Amoxil online here. Free delivery. Best price.
16 Nov, 2016


/ posted in: Reading Brazillionaires Brazillionaires: Chasing Dreams of Wealth in an American Country by Alex Cuadros
on July 12th 2016
Pages: 352
Genres: History, Nonfiction
Published by Spiegel & Grau
Format: Audiobook
Source: Library
Buy on Amazon (affiliate link)
Setting: Brazil

“When Bloomberg News invited the young American journalist Alex Cuadros to report on Brazil’s emerging class of billionaires at the height of the historic Brazilian boom, he was poised to cover two of the biggest business stories of our time: how the giants of the developing world were triumphantly taking their place at the center of global capitalism, and how wealth inequality was changing societies everywhere.  Eike Batista, a flamboyant and charismatic evangelist for the country’s new gospel of wealth, epitomized much of this rarefied sphere: In 2012, Batista ranked as the eighth-richest person in the world, was famous for his marriage to a beauty queen, and was a fixture in the Brazilian press. His constantly repeated ambition was to become the world’s richest man and to bring Brazil along with him to the top.  But by 2015, Batista was bankrupt, his son Thor had been indicted for manslaughter, and Brazil its president facing impeachment, its provinces combating an epidemic, and its business and political class torn apart by scandal had become a cautionary tale of a country run aground by its elites, a tale with ominous echoes around the world.”


This is a book that I would not have picked up if I wasn’t consciously trying to read more books set in South America. I’m glad I read it.

Alex Cuadros was selected for an unusual job.  He was to monitor the billionaires of Brazil.  He needed to maintain an up to date list of the net worth of the richest people in Brazil.  In trying to find out who these people were, he started to look at the world around him.  Who owns the company that makes your soap or the roads you drive on? There may be a hidden billionaire behind it.  Some billionaires weren’t so hard to find.  Eike Batista was one of these.  He flaunted his wealth.  He bragged on Twitter whenever he moved up in the rankings of richest people.  Then suddenly he lost it all.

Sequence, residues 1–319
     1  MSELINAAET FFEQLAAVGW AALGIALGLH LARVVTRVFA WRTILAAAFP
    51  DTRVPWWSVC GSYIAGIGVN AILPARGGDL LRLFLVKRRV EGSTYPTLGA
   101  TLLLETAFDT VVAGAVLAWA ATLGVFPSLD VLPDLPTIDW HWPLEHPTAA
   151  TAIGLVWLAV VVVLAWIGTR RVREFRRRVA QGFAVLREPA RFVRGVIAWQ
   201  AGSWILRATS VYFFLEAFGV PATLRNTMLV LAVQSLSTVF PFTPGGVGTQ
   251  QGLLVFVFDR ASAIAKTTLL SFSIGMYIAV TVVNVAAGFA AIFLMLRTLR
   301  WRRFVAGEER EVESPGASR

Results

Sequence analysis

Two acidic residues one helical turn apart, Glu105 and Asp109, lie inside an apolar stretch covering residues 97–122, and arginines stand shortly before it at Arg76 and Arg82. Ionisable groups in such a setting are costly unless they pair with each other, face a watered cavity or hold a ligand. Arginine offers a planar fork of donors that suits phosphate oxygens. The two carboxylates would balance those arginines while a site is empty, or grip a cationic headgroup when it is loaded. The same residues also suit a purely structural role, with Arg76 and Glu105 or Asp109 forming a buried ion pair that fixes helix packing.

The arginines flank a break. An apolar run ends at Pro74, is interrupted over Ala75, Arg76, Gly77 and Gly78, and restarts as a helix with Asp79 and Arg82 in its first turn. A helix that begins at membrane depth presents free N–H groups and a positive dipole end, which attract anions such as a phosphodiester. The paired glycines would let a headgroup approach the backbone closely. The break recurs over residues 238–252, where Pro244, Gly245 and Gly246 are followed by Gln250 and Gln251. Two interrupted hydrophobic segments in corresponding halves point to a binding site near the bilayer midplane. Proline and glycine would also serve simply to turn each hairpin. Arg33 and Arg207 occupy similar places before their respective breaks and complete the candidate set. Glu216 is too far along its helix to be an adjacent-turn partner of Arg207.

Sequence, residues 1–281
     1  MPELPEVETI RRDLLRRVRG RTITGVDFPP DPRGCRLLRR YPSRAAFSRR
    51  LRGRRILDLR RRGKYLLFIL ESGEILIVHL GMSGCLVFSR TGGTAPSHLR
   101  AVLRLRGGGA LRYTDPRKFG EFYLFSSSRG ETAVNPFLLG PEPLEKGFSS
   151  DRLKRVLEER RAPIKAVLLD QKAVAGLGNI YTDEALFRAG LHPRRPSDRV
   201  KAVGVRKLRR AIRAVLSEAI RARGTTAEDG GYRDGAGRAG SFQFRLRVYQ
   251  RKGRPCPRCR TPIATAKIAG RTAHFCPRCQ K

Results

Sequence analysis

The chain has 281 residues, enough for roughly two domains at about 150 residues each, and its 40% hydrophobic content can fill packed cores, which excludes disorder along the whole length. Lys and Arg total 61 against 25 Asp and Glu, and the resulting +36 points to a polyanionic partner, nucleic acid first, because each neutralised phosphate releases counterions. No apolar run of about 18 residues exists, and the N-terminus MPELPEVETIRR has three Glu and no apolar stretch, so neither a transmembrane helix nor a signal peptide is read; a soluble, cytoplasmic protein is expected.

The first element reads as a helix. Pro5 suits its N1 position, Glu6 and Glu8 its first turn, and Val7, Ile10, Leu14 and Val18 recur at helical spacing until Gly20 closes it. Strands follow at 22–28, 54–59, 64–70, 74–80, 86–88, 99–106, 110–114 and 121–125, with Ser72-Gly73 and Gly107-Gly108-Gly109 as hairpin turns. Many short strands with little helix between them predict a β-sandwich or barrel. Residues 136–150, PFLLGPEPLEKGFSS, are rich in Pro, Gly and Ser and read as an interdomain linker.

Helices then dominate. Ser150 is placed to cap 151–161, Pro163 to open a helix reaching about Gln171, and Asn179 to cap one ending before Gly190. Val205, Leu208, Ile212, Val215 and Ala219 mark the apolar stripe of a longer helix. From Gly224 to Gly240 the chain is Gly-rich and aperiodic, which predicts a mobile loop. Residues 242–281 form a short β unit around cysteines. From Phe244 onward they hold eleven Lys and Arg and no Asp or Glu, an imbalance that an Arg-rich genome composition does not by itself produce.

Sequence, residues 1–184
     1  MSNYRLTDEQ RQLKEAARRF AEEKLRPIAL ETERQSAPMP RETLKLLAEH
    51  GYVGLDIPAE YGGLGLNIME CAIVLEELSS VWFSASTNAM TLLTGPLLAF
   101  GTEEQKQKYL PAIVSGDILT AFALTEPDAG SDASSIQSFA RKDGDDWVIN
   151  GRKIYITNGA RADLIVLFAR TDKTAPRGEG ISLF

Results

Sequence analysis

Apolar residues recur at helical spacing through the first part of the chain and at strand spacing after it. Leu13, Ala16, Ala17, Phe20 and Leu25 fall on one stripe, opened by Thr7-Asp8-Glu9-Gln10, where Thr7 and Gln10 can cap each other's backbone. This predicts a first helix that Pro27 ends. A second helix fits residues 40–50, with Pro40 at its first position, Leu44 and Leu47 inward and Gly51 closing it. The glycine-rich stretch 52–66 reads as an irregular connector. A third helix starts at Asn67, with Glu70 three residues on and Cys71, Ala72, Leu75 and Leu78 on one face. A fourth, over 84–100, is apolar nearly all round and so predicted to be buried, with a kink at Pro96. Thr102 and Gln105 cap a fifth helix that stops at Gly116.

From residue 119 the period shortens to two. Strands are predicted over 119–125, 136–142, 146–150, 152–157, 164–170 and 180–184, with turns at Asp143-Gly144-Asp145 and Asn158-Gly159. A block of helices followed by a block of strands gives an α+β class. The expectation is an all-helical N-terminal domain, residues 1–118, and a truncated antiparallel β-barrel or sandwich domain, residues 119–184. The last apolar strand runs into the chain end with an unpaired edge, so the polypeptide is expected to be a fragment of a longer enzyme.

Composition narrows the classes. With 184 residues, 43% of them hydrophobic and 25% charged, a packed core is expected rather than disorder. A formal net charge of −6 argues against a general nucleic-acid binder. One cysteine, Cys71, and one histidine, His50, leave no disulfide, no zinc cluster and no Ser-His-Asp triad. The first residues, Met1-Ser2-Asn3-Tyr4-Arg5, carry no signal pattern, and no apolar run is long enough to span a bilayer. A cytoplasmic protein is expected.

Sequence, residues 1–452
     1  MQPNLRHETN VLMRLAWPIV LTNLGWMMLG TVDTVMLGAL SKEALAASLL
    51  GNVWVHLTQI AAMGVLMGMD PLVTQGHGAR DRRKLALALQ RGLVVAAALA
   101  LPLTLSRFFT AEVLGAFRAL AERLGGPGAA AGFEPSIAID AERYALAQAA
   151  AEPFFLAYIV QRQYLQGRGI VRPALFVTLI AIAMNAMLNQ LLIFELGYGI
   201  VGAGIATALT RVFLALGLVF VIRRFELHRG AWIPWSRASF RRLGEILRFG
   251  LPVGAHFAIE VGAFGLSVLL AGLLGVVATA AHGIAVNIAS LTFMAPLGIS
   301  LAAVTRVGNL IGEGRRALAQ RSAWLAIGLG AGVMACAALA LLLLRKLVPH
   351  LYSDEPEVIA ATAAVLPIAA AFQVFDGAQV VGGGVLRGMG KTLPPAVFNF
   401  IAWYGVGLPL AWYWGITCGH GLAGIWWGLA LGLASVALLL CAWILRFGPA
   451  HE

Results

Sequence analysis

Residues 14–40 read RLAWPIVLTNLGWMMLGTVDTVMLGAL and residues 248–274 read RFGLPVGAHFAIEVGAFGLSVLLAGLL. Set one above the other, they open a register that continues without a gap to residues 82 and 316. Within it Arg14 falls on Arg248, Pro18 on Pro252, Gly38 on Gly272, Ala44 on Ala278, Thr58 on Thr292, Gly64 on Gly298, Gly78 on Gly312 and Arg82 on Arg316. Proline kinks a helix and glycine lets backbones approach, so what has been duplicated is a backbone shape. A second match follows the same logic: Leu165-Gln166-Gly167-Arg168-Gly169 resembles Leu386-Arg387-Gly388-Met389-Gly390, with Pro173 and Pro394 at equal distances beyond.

The rise and fall of Eike Batista is told along with the stories of other Brazilian billionaires.  Some are in construction or broadcasting.  There is even a billionaire pastor.  Cuadros brings up the question — Is is possible to amass this amount of money in an ethical way in a country with such rampant poverty?  Is corruption endemic in a country founded on a system where slaves do all the work and higher classes live off of others?

I didn’t know anything about Brazilian history or politics.  This was a great introduction in an engaging story.  I enjoyed listening to the author narrate the book so I could hear the proper pronunciations of places and names in Portuguese.


I’d recommend this book to anyone who wants to combine the voyeurism of watching how the super rich live with an education in the culture and politics of Brazil.

12 Aug, 2016

Outcasts United

/ posted in: Reading Outcasts United Outcasts United: A Refugee Team, an American Town by Warren St. John
on April 21st 2009
Pages: 320
Genres: Nonfiction
Published by Spiegel & Grau
Format: Audiobook
Source: Library
Buy on Amazon (affiliate link)
Setting: Georgia